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« Asparaganza | Main | Panna Cotta »
Thursday
May132010

Gluten-free bread that doesn't suck

Look! It’s even the right shape.

UPDATE: While this recipe is great and will absolutely work, I’ve streamlined it a bit and think you might be best heading over to the newer post (also linked below in the recipe as the place to find the oven variation).

Everyone who comes over to my house (or encounters me in potluck scenarios) has asked for this recipe. I apologize for the delay, it’s not out of covetousness. I didn’t create it, I modified it from my beginner-baking, gluten-free bible, Gluten Free Mommy. [update: she’s gone on hiatus again, see below]

Her blog wouldn’t pull up for about a week at the beginning of this year, during which time I nearly had a nervous breakdown. After panic subsided, I realized that modifying recipes from their original gluten-full state was not as hard as I’d previously decided.

Thankfully, her site came back up, with new recipes. She hasn’t posted anything since, but at least I know she’s alive and well. [or moving blog hosts, contact me through the form on your right if you want the original, oven recipe]

I quit mourning for the disappearance of someone I still can’t get to return my email, and ended up equipped with a better sense of why certain flour combos or starches work better than others. The route of a little practicality beyond doggedly following recipes turned out to be the best thing that’s happened to my baking thus far. Meanwhile, Natalie’s probably just busy with her kiddos, not meaning to startle me into baking revelations.

Note for baking newbies: This may seem like a shit-ton of ingredients (especially if you have none of them so far) but you’ll get your money’s worth when you stop paying $6 for a loaf of disgusting bread (that must be toasted to taste like regular bread) and make your own just-like-everyone-else bread. That’s right. You can have regular ol’ peanut butter and jelly sandwiches on this bread.

I make a loaf weekly, more often if we have guests (or tasty preserves in the house.) We only pay for ingredients on an as-needed basis now (translate: unbelievably cheap, homemade, kick-ass bread.) And yes, it turns out better in the bread machine; I’ve baked it both ways many, many times.

Millet Oatmeal Bread
Adapted for the bread machine from original recipe by Natalie Naramor at glutenfreemommy.com, finally perfected from my very first attempt last fall. No breadmachine? See this post for the oven variation directions
 
1. Whisk the following together in a large mixing bowl:

1 cup brown rice flour
1/2 cup certified gluten free oat flour*
3/4 cup millet flour
1/2 cup tapioca flour
1/3 cup arrowroot starch, or cornstarch
1/3 cup sweet rice flour, also called Mochiko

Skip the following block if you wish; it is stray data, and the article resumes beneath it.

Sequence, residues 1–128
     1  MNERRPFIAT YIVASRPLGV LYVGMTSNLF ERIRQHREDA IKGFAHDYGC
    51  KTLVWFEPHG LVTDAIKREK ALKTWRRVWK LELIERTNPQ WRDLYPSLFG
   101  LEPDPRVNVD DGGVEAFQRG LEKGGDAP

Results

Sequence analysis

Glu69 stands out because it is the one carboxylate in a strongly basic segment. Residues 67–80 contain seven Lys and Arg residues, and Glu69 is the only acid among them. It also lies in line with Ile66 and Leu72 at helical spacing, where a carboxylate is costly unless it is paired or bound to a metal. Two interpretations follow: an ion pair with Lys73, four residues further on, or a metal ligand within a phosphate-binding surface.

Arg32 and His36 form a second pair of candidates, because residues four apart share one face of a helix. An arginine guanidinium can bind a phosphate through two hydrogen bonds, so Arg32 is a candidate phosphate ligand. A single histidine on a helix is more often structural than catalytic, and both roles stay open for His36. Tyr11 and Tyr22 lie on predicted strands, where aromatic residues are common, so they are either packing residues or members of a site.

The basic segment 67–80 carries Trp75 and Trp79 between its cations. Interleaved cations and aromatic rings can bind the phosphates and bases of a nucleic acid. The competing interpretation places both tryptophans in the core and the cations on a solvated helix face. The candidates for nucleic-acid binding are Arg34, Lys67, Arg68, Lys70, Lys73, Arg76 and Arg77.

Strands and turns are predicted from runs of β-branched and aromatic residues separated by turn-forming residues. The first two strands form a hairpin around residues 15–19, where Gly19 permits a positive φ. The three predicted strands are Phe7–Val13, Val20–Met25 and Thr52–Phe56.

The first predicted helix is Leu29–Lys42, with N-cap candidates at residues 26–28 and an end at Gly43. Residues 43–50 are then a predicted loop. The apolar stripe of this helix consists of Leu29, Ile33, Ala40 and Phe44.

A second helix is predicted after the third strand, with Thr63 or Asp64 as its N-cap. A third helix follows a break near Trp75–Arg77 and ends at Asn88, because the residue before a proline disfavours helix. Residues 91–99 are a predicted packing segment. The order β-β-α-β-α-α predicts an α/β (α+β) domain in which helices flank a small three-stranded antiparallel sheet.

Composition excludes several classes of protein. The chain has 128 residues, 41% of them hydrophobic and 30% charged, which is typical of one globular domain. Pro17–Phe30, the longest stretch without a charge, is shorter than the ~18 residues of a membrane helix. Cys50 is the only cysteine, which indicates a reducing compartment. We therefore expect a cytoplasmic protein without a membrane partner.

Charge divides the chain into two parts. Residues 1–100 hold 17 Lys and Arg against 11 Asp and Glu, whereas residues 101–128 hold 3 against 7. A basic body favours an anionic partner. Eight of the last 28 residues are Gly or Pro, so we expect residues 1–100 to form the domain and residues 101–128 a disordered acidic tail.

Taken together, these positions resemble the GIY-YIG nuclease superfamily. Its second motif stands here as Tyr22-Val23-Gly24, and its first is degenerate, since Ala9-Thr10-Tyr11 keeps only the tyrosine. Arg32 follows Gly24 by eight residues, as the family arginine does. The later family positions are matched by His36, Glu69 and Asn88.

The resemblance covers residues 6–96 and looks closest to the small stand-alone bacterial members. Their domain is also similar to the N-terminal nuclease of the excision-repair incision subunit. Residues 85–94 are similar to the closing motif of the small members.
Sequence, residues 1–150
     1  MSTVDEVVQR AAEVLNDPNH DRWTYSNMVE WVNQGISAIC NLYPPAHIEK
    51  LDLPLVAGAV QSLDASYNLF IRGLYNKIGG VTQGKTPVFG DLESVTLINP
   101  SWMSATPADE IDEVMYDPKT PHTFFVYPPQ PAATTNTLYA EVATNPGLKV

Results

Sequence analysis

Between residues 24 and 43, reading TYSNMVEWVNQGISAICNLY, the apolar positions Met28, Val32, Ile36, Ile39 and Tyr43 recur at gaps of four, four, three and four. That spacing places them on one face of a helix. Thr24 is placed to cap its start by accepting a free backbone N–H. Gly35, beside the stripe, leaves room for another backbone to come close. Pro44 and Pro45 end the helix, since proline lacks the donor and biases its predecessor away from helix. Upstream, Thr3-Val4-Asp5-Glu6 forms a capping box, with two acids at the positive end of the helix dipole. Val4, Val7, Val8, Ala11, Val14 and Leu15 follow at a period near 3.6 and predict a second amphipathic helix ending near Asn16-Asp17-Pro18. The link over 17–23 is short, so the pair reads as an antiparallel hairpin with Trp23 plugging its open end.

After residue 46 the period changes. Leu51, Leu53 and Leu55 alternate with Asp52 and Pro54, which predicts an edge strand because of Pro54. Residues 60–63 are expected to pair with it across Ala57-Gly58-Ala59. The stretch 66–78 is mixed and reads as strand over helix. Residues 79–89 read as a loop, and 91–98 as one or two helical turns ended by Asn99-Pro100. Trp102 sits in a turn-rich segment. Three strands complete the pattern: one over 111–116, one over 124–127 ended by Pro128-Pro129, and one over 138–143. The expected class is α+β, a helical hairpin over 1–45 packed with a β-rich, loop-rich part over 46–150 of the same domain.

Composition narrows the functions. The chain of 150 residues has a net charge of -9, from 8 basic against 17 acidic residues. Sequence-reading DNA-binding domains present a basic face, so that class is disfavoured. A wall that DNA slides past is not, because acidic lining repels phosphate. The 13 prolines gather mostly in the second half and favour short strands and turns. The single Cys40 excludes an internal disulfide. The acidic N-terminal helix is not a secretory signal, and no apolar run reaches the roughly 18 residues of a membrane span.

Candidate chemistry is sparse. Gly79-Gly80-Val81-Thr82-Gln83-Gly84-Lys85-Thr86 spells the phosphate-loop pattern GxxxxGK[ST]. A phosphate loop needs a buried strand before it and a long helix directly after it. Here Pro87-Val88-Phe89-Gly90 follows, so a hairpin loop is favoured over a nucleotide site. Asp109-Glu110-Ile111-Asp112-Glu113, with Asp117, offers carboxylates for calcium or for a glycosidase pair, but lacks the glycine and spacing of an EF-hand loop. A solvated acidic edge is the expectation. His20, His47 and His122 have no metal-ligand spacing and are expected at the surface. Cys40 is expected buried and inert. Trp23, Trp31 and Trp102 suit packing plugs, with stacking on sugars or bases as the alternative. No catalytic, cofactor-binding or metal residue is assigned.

1/4 cup flaxseed meal
1 Tablespoon xanthan gum
3 Tablespoons brown sugar
1-1/2 teaspoons salt

 
*Bob’s Red Mill makes gluten free rolled oats; save money by pulverizing the rolled oats into oat flour in a food processor.
 
I had a difficult time finding sweet rice flour. If you can’t locate certain items at local stores, try ordering them online.
 
2. In a separate, medium-sized bowl whisk together the following:
 
3 eggs (must be at room temperature)
1 teaspoon apple cider vinegar
1 Tablespoon molasses
4 Tablespoons
(half a stick) butter or butter substitute, melted
1 cup warm water
(80-105° F)
1/4 cup plain yogurt, buttermilk, sour milk or whatever you have
(also room temp)
 
You want your wet mixture to be at or just above 80° F so the yeast activates properly in the machine; use your basic kitchen thermometer and check the wet mixture’s temperature as you add the ingredients, you may need to alter the temperature of the warm water to bring the temperature up or down here.
 
3. Pour the wet mixture in the bread machine pan and then layer the flour mixture on top (not mixing the two.)

4. Create a small indentation in the flour with a spoon and pour 1 packet of active dry yeast (found in the baking aisle of your grocery store) in the hole.
 
5. Select the two-pound loaf size and use the Basic Rapid (or something similar) setting, which ends up being about 2 hours and 15 minutes. Some newer model bread machines have a gluten-free setting. As it gets going, you’ll want to scrape the sides with a spatula to make sure all the flours incorporate into the wet mixture.

6. Patience! The same goes for bread machine loaves as does for traditionally baked loaves, wait for the loaf to cool completely before slicing it. Don’t refrigerate the loaf. If you don’t eat the entire loaf within two days, slice and freeze it (in freezer-specific bags.)

Reader Comments (42)

So, what happens when you bake it in the oven? Does it still work?

May 13, 2010 | Unregistered CommenterDeanna

All of those Gluten Free Mommy links go to some blank WP blog. :(

May 13, 2010 | Unregistered Commentermelissa

Weird, Melissa! They worked this morning. Maybe she's in the process of 'moving' (she used to be at Blogspot). Mysterious GF Mommy!

Deanna, it definitely works in the oven; it just doesn't achieve the same shape and consistency as in the bread machine though. Slightly denser, regular GF bread shape (short and long shape from a loaf pan) and a mixer is super-nice in the case of oven baking it (though I've made it a number of times without my mixer, too.)

I'm happy to email anyone the oven recipe (while GF Mommy gets her blog together). Just let me know (and pass along your email when you leave a comment!)

May 13, 2010 | Registered CommenterKate

Kate!

I'd love the oven recipe. You know my email...

Liz

May 14, 2010 | Unregistered CommenterLiz

Your bread looks amazing! I just developed a Udi's inspired whole grain gluten free bread that is delicious, too.

Cindy
http://www.wheatlessfoodie.blogspot.com

May 14, 2010 | Unregistered CommenterWheatless Foodie

Thanks for posting this! I don't eat gluten-free but my mom does, so this will be a nice way to surprise her with a little treat on her next visit. I usually get mochiko at asian grocery stores and I've even seen it in the international section of regular grocery stores before.